Nuclear calcium signals during L-LTP induction do not predict the degree of synaptic potentiation

Cell Calcium. 2007 Mar;41(3):271-83. doi: 10.1016/j.ceca.2006.07.005. Epub 2006 Sep 7.


The magnitude and/or duration of nuclear Ca(2+)-transients has been shown to dose-dependently modulate gene transcription upon neuronal activation. This is an attractive model for synapse-to-nucleus communication. In order to encode synaptic information, these nuclear Ca(2+)-transients have to be correlated with changes in synaptic strength rather than changes in gene expression patterns. In this study, we analysed nuclear Ca(2+) signals during L-LTP induction. Using a combined approach of fEPSP recordings and two-photon imaging, these Ca(2+) signals were correlated with different degrees of synaptic potentiation in CA1 hippocampal slices. To refine our analysis on the single-cell level, we developed a new approach called single-cell-excitability-probing (SCEP) to assay the plasticity outcome of individual cells by optical means. The degrees of synaptic potentiation we observed could be categorized into transcription independent, transcription-dependent and reduced transcription-dependent. There is no consistent dose-dependent relationship between these different degrees of synaptic potentiation and the magnitude, the decay time and the area under the curve of nuclear Ca(2+)-transients during L-LTP induction. This indicates that nuclear Ca(2+)-transients during induction are unsuited to grade the degree of plasticity in an analogue manner. We propose a role for nuclear Ca(2+) as a digital on/off switch for activating transcription.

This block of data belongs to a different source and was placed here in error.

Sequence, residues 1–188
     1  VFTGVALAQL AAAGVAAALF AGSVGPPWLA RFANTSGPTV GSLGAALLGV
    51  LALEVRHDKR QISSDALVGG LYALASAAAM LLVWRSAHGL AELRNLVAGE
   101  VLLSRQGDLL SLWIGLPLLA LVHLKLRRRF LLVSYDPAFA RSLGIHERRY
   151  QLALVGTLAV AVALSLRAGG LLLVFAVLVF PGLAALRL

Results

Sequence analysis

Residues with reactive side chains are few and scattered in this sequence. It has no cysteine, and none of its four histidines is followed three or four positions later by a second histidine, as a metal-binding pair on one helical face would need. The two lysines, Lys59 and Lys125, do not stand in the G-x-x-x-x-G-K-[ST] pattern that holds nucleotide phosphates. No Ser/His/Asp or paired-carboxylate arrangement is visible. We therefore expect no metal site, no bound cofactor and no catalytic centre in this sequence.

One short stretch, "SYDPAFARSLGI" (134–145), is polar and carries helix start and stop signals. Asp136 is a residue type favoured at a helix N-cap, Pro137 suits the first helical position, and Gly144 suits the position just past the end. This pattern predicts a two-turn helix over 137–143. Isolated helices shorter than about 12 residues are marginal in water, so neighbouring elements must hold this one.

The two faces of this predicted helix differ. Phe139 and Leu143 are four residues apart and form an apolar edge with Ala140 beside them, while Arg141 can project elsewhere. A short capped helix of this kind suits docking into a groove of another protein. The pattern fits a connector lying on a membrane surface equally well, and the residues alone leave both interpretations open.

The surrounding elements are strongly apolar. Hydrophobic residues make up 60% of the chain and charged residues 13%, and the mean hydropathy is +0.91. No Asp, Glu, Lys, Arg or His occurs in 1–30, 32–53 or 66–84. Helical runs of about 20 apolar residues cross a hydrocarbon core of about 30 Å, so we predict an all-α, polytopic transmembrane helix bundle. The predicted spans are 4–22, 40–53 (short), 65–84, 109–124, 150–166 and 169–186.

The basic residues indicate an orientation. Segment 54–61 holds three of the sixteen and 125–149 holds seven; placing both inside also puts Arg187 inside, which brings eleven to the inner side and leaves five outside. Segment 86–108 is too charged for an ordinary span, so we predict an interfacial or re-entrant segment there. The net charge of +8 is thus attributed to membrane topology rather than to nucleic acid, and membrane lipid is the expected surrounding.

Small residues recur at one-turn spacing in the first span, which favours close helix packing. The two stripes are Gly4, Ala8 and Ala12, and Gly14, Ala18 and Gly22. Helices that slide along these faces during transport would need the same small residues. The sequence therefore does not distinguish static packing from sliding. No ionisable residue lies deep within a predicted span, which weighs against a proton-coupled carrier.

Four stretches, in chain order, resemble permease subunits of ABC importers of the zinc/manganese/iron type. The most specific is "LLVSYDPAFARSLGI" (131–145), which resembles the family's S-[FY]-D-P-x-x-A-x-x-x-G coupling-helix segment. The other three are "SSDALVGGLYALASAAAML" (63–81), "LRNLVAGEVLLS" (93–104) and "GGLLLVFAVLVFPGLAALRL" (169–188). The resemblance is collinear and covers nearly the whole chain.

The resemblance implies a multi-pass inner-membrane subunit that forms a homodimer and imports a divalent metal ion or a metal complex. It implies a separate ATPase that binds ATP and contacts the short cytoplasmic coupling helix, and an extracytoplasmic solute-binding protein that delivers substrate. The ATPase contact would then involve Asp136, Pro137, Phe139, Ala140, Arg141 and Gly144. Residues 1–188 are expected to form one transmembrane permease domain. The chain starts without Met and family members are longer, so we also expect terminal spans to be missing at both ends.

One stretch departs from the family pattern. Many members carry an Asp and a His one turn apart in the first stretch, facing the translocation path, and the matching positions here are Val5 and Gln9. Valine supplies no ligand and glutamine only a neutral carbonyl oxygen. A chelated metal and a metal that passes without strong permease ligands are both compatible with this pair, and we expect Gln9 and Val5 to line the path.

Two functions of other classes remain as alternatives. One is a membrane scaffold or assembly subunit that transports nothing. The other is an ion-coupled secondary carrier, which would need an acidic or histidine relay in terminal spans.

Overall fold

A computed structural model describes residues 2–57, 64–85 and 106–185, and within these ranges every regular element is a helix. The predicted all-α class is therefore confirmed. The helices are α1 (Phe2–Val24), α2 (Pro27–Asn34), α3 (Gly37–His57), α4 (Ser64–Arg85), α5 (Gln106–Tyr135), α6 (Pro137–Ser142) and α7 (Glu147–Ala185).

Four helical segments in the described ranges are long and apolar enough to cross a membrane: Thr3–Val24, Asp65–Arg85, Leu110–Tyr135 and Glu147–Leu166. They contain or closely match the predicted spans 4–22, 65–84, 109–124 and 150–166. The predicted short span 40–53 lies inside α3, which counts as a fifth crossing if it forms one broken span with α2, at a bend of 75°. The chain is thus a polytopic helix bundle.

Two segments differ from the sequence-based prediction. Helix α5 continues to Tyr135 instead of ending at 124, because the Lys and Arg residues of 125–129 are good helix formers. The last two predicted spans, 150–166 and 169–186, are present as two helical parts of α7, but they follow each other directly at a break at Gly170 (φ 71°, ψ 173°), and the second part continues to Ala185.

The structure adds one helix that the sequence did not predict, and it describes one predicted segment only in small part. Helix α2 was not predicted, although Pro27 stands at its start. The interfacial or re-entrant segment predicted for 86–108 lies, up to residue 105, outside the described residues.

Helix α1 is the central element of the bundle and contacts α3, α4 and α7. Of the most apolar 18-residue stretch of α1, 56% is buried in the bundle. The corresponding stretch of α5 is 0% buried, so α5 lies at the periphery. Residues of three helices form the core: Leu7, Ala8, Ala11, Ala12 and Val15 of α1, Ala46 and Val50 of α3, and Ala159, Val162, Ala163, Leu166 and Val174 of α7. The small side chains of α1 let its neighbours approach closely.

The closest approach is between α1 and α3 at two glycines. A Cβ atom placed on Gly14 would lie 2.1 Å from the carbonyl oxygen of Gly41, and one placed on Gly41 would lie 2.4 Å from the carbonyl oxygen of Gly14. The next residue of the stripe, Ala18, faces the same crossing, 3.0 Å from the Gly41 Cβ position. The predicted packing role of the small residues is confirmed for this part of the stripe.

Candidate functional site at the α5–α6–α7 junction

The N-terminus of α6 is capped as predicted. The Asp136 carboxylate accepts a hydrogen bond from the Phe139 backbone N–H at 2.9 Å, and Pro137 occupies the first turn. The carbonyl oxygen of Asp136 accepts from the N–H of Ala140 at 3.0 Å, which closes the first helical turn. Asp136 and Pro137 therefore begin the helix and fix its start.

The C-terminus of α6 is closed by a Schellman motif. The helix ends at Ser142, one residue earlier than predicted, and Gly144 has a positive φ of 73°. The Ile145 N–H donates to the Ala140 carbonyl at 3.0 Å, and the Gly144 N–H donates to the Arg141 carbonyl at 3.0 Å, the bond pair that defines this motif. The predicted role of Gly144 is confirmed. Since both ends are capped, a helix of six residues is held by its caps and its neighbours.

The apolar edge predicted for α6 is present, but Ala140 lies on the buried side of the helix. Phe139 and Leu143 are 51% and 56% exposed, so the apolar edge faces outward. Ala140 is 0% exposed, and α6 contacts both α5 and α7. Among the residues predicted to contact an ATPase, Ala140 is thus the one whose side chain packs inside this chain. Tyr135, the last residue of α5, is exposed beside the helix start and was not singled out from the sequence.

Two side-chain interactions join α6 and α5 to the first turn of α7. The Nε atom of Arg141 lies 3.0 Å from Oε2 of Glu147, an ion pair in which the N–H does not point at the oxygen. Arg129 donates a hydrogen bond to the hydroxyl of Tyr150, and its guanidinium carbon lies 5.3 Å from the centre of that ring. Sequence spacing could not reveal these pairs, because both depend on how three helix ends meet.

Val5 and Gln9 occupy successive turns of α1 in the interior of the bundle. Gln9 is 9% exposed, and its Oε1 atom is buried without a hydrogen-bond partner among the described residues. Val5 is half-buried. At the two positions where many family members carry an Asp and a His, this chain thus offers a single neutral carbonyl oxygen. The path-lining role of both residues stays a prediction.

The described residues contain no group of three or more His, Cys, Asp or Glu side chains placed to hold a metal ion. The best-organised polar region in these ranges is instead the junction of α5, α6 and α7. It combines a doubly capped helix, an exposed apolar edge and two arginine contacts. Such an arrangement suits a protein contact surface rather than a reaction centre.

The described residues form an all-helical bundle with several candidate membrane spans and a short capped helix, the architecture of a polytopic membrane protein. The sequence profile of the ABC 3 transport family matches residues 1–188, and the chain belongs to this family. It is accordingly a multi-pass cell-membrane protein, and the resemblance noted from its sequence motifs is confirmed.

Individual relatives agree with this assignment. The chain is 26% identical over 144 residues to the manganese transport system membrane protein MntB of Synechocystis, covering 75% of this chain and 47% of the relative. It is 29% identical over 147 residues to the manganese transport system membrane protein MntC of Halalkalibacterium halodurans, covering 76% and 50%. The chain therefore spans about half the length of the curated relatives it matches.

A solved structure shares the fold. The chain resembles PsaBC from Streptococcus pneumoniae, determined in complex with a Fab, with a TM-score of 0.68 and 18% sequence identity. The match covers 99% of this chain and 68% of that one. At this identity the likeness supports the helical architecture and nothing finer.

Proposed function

Publication types

  • Research Support, Non-U.S. Gov't

MeSH terms

  • Animals
  • Calcium / metabolism
  • Calcium Signaling / physiology*
  • Cell Nucleus / metabolism*
  • Hippocampus / cytology
  • Hippocampus / metabolism*
  • Long-Term Potentiation / physiology*
  • Mice
  • Mice, Inbred BALB C
  • Microscopy, Confocal
  • Pyramidal Cells / metabolism*
  • Synapses / metabolism*
  • Transcription, Genetic / physiology


  • Calcium